Your reputation is what people say about you behind your back, and sometimes to your face. It’s what people think, do, feel and say when they come into contact with you, your name or your brand. And it’s probably your greatest commercial asset. Yet, few individuals or companies even give much thought to what their reputation is and how they earned it.
If you think your reputation doesn’t matter, open the newspapers and check out the stories. Many of them feature broken relationships, misplaced trust, unkept promises, failed commitments, lack of loyalty and fragile personalities. They all come down to one word – reputation.
The reputation of government, the banking system, the football system, the Olympic system, judicial system, the education system, the financial system, the taxation system…all are at an all-time low.
Corporate companies get news headlines mostly for the wrong reasons. Big brands that care more for their profits than their customers make everyday news. Scandal after scandal affect our confidence in what we’ve traditionally held dear. Call centres, airlines, banks and big energy companies stoop to new lows in customer satisfaction surveys.
It’s not just the big brands and huge commercial ecosystems like government that have let us down. Our heroes do the same. Retail icon Sir Philip Green sees his reputation in tatters after virtually bankrupting British Home Stores before selling it on. Choose any of your favourite celebrity or icon – they’re generally all flawed, unbalanced or out of touch in one way or another. Pick any number of politicians, who we voted into office and now seem more interested in their own career than our welfare.
Reputation and bottomline
Do these people or companies care that their reputation is suffering? Does a poor reputation actually affect the bottom line? If you look at Ryanair’s profits, you’d say not. The airline carrier flew 101million passengers in 2015, up from 86m the year before. And that’s despite a shocking record of customer service and complaints.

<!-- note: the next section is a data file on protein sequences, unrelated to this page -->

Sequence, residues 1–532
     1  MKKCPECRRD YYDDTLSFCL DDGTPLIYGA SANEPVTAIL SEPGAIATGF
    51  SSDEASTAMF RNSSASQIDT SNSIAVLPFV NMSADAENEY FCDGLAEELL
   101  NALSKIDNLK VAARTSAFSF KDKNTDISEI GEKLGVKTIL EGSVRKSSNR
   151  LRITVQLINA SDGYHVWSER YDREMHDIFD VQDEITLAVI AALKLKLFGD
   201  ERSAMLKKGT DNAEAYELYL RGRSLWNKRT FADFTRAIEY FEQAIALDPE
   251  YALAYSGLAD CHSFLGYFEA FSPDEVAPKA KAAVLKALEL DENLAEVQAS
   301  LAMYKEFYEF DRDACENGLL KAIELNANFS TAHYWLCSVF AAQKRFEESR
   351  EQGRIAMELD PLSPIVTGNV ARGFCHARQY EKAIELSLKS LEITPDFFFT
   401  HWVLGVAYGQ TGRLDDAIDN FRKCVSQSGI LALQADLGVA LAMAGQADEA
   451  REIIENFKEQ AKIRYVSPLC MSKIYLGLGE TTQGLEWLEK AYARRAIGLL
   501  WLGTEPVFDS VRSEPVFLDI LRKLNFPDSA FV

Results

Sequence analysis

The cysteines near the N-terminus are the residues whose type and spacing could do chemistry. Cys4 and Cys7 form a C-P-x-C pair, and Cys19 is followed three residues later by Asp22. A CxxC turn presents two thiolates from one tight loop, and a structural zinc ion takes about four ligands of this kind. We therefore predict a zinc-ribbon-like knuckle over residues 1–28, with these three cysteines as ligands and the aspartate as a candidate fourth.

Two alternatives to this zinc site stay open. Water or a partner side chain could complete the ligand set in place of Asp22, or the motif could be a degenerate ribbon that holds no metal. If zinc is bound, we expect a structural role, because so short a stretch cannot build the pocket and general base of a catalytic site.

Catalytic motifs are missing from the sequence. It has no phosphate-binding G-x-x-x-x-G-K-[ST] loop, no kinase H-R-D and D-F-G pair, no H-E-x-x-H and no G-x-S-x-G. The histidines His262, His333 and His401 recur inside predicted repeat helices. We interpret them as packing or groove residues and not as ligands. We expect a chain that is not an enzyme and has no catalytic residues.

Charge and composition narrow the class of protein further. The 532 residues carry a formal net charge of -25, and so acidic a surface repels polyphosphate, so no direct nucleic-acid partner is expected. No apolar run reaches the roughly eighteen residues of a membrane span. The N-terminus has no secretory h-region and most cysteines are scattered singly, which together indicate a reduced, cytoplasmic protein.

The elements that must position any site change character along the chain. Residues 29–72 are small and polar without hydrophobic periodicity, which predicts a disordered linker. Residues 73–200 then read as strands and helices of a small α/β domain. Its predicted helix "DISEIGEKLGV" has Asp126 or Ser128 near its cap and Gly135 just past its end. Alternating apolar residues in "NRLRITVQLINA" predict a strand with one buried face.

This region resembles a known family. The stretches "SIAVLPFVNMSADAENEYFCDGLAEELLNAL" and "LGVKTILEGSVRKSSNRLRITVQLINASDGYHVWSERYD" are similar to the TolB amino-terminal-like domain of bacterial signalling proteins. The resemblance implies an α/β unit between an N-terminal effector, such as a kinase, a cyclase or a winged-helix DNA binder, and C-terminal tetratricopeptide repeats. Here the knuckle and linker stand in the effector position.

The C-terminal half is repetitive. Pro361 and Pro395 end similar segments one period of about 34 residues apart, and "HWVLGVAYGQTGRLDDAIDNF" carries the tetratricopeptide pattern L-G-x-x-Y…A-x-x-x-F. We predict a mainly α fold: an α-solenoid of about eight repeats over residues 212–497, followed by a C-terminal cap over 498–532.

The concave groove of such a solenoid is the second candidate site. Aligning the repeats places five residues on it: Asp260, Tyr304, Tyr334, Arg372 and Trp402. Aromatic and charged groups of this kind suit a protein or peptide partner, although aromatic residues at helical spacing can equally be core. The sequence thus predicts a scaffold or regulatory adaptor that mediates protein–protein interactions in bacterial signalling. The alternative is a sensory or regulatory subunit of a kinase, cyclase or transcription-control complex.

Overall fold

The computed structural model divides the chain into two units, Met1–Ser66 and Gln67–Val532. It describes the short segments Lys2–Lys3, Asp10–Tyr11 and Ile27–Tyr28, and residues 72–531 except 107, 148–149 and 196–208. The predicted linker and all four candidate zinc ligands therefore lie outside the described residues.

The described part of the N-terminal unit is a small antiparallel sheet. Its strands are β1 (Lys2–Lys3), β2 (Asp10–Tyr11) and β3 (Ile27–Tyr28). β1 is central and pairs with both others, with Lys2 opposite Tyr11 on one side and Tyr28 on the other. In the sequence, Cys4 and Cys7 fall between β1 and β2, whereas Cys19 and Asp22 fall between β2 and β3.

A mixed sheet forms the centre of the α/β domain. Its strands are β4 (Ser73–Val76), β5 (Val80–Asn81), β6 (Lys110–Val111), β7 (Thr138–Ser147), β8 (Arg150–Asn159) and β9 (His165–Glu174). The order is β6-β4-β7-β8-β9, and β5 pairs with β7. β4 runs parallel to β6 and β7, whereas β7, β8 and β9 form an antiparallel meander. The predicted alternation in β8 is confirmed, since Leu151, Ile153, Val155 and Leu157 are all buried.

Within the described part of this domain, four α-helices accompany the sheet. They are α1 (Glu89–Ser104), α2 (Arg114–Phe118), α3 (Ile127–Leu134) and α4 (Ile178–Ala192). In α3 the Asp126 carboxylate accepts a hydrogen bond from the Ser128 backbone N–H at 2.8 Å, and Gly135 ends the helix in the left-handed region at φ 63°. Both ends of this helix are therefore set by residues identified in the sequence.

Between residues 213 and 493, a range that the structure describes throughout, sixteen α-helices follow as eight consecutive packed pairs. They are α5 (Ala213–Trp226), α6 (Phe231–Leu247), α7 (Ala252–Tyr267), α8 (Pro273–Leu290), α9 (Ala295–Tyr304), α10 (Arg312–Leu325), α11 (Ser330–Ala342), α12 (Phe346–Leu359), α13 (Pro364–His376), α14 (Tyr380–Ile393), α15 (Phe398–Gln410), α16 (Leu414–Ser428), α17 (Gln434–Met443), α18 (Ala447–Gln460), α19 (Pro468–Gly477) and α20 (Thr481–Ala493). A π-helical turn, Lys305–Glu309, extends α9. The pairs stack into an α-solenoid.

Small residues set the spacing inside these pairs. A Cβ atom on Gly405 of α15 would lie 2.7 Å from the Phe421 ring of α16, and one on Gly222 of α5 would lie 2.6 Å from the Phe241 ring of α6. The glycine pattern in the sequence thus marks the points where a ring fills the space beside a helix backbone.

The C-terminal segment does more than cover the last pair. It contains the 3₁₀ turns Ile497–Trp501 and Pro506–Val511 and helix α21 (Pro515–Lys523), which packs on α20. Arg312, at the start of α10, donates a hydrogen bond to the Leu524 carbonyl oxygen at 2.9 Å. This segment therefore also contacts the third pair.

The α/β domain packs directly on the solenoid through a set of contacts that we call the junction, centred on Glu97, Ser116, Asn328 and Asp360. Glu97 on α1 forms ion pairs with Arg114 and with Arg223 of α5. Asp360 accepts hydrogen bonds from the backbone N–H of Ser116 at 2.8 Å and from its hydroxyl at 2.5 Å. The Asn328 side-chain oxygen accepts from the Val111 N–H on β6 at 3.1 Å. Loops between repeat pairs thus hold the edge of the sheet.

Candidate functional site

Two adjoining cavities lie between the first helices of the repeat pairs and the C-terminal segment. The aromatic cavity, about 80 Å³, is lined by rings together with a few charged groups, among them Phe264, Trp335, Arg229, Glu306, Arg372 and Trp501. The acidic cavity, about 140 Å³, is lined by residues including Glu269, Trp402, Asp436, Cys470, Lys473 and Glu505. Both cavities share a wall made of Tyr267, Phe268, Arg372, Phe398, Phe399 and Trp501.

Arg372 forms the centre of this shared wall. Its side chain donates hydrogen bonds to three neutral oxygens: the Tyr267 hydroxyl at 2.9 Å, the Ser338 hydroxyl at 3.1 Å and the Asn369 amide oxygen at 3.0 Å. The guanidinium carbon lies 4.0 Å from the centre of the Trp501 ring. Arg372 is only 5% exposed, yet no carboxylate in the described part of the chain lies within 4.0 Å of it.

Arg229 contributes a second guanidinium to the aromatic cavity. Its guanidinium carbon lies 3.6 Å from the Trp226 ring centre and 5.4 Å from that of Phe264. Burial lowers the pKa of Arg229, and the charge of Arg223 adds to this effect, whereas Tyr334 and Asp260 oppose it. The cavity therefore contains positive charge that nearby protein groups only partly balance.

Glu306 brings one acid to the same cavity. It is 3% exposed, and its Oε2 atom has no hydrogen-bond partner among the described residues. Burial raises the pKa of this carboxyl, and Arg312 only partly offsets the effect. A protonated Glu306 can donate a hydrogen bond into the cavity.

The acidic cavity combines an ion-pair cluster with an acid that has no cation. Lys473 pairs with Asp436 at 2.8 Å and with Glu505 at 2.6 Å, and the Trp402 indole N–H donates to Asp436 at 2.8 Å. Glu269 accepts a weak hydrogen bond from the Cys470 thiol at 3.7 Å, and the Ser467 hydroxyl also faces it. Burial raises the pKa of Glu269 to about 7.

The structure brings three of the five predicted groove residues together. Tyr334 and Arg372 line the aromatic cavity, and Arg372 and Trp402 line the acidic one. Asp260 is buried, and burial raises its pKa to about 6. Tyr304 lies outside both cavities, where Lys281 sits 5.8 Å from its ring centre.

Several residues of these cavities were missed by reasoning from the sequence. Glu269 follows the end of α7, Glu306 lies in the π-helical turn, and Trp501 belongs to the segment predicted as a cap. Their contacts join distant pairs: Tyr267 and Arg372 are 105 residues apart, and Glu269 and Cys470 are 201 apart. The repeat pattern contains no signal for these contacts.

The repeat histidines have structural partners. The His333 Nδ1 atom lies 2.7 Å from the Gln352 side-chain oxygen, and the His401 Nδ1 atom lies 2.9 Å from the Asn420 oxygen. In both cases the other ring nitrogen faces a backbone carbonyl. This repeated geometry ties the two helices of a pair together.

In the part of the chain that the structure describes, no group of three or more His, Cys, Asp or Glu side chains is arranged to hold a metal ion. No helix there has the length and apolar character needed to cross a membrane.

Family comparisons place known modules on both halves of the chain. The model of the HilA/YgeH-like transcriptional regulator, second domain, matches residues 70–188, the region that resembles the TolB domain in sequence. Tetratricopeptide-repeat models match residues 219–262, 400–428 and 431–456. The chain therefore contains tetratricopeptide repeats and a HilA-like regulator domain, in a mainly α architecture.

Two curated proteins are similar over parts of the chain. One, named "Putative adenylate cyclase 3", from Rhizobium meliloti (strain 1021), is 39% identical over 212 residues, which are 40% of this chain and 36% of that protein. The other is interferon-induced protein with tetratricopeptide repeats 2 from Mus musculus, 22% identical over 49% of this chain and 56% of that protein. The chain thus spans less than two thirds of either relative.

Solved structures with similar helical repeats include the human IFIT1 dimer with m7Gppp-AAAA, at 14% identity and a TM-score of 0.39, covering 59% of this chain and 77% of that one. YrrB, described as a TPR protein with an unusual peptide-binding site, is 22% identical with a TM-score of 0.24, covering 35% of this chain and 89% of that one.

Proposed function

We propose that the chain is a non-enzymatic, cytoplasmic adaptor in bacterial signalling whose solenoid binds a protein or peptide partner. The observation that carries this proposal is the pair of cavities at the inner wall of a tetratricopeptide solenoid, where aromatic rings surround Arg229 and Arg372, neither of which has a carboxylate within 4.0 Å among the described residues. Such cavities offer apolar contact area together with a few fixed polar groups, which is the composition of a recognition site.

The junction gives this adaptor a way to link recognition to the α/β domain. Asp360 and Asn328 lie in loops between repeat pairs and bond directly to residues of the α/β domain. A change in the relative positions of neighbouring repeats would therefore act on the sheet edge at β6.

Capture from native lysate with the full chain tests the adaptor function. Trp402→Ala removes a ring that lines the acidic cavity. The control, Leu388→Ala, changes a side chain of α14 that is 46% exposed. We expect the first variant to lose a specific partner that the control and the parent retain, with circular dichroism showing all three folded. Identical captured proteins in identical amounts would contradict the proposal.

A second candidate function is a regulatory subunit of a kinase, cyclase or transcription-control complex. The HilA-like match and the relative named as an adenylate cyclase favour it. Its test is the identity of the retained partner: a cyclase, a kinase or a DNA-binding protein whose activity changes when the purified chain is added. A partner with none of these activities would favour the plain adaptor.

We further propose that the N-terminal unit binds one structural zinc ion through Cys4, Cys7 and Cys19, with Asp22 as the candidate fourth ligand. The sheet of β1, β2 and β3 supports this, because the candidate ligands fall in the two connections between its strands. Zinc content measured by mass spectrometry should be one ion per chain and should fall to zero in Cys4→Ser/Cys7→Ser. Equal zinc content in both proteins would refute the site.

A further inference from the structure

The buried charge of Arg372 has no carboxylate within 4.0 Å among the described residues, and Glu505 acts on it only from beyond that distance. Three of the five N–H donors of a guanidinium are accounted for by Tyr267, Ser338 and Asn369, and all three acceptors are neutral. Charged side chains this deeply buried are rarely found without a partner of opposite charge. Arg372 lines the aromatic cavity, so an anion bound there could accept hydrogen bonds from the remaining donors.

Then again, you look at Volkswagen and Toyota and the PR hits they’ve taken in the last few years, and you’ll see that sales are down considerably. The lesson is what when it comes to critical factors, such as safety and reliability, the markets show no mercy. For more superficial factors, such as service and pricing, the reputational hit is less severe.
Nevertheless, companies and many of the above mentioned systems might still suffer longer term problems if they don’t get their house in order. Difficulties in attracting things like sponsorship, investment, high quality staff and even bank credit can certainly impact the bottom line.
Corporate reputations are becoming more and more entwined with personal reputations. Your personal reputation is your personal share price on the stock market of life. It shows what confidence people have in you, and whether they’ll invest time, money or effort in supporting your cause.
Entrepreneurs like Richard Branson, who lead from the front, are so heavily attached to their empire that their personal share price affects the corporate one. CEOs who front their organisations quickly realise that their words and deeds play out publicly in ways that can make or break public confidence. For confirmation of that, ask former jewelry mogul Gerald Ratner, Martin Winterkorn, former CEO of Volkswagen and Tony Hayward, former chief executive of BP.
Your reputation is very much in your control. There are many ways to protect it, build it and nurture it in today’s world. Almost anyone can become a thought leader, propagate a breakthrough idea or show standout expertise in a particular area.